Jonathan Baldoza is a high school student at the Ateneo de Manila. One day, he was waiting at the office of Fr. Bert Ampil, S.J. While there, he chanced upon my book and ended up reading it. Surprisingly, this teenager found himself enjoying the book intended for parents. He ended up appreciating his parents more. He got in touch with me to tell me about this unexpected joy and to ask me more about my parenting. Then he wrote an article about it which was published in the official website of the Ateneo de Manila University.
I wish to share this article with you. http://admu.edu.ph/index.php?p=120&type=2&aid=9909#.ThnDY7rHgmp
What AHS students can learn from the parenting book, “Raising Pinoy Boys”
By: Jonathan Victor C. Baldoza
Whenever my mother is faced with the question: What do you consider your greatest achievement? She would usually smile and answer – in her most motherly tone – “my children,” without doubts or second-thoughts.
I must admit that every time I hear this, I feel extremely proud and accomplished. It’s not because I consider her an unsuccessful individual. It’s not because I feel she never really accomplished anything good in her life but her children. Rather, like every child, it has always been my desire to make my parents damn proud of having me as their son. Why? Not only do I love them and feel grateful for all their love and guidance, but also, I feel I need to reciprocate all the things they’ve gone through just to raise us to become the best individuals we can be.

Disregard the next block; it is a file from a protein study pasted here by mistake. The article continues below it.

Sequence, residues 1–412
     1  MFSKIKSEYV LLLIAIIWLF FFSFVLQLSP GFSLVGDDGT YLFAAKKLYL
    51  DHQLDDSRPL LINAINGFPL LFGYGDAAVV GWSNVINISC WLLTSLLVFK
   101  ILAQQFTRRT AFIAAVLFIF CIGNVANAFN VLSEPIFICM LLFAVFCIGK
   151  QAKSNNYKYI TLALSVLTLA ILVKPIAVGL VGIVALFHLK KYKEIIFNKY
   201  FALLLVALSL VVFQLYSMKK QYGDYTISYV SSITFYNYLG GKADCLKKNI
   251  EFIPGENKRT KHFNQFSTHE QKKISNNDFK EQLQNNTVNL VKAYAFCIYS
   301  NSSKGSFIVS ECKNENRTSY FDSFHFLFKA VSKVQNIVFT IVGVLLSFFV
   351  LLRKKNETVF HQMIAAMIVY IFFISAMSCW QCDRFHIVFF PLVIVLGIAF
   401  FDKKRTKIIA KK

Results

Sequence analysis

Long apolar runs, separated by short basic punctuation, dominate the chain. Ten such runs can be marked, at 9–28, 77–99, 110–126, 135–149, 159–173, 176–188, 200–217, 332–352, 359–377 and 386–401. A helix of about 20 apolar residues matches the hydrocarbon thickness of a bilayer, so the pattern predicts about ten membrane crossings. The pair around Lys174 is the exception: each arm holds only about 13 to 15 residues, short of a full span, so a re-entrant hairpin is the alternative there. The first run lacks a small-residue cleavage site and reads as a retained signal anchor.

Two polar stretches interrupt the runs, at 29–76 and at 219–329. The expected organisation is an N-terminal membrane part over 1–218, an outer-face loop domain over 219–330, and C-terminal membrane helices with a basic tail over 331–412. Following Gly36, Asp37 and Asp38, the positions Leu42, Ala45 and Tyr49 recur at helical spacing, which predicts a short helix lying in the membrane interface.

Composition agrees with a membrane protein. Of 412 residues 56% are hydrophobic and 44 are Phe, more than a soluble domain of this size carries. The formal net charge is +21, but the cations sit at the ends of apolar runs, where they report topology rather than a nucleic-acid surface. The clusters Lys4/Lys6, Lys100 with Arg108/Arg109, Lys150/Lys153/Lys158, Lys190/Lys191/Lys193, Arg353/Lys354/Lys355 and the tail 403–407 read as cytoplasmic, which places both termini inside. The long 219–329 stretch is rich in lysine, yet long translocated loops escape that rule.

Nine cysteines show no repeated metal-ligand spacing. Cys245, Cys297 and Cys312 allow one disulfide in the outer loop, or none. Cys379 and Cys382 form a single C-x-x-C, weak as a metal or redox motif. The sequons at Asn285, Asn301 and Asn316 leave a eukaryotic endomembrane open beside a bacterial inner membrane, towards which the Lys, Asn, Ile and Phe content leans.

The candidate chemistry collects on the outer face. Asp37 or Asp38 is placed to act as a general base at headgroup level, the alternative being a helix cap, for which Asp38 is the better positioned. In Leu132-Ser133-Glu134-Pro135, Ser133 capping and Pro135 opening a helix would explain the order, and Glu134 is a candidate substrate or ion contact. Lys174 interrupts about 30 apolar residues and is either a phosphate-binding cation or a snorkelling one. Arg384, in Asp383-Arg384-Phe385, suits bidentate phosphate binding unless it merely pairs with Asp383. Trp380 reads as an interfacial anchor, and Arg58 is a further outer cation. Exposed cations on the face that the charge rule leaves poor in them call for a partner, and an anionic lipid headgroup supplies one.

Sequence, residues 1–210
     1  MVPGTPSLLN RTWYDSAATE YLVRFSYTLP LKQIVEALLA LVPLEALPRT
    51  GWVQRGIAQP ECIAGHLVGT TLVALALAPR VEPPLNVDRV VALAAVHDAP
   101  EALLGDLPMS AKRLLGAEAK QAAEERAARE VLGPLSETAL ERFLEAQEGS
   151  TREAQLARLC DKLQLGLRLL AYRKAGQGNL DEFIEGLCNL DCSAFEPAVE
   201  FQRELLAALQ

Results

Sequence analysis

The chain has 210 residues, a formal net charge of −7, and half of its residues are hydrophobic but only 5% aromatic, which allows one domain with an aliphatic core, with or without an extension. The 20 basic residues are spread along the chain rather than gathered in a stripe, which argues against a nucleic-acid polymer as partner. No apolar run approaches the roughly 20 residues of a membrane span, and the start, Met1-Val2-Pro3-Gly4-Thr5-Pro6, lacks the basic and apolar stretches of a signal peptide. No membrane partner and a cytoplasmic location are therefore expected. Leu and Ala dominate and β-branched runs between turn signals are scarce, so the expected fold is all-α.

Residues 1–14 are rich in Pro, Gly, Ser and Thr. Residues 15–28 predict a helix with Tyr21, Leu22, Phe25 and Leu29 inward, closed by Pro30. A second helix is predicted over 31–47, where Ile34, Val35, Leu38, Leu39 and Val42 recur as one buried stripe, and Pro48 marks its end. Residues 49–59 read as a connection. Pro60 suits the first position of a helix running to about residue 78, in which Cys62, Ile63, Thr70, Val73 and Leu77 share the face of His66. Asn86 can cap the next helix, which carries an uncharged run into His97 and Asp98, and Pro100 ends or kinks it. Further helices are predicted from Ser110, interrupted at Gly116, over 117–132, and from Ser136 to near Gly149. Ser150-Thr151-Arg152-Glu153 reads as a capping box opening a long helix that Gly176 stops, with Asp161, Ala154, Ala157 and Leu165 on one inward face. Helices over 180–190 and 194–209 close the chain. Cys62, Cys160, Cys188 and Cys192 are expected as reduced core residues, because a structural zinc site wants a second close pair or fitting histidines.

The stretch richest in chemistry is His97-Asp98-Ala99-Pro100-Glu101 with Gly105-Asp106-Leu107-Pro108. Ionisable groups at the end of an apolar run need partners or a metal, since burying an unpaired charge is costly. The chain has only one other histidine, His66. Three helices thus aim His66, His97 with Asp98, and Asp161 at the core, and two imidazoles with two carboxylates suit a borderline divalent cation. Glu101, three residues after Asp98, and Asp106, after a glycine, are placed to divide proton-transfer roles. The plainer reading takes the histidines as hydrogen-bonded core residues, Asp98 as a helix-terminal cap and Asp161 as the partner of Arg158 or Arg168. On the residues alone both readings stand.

Raising Pinoy Boys
Let’s face it – parenting isn’t the easiest task in the world. Many have failed at it, producing unhappy and discontented children. But then, a great number have done the opposite. Despite the many new challenges these families face, they have succeeded in producing children who are bright and virtuous. Take the example of Mrs. Rose Fausto, a passionate homemaker and author of the recently-released book “Raising Pinoy Boys,” which details her experiences in parenting her now three grown-up boys, all of whom she’s very proud of. (One of her sons studies at the Ateneo de Manila High School).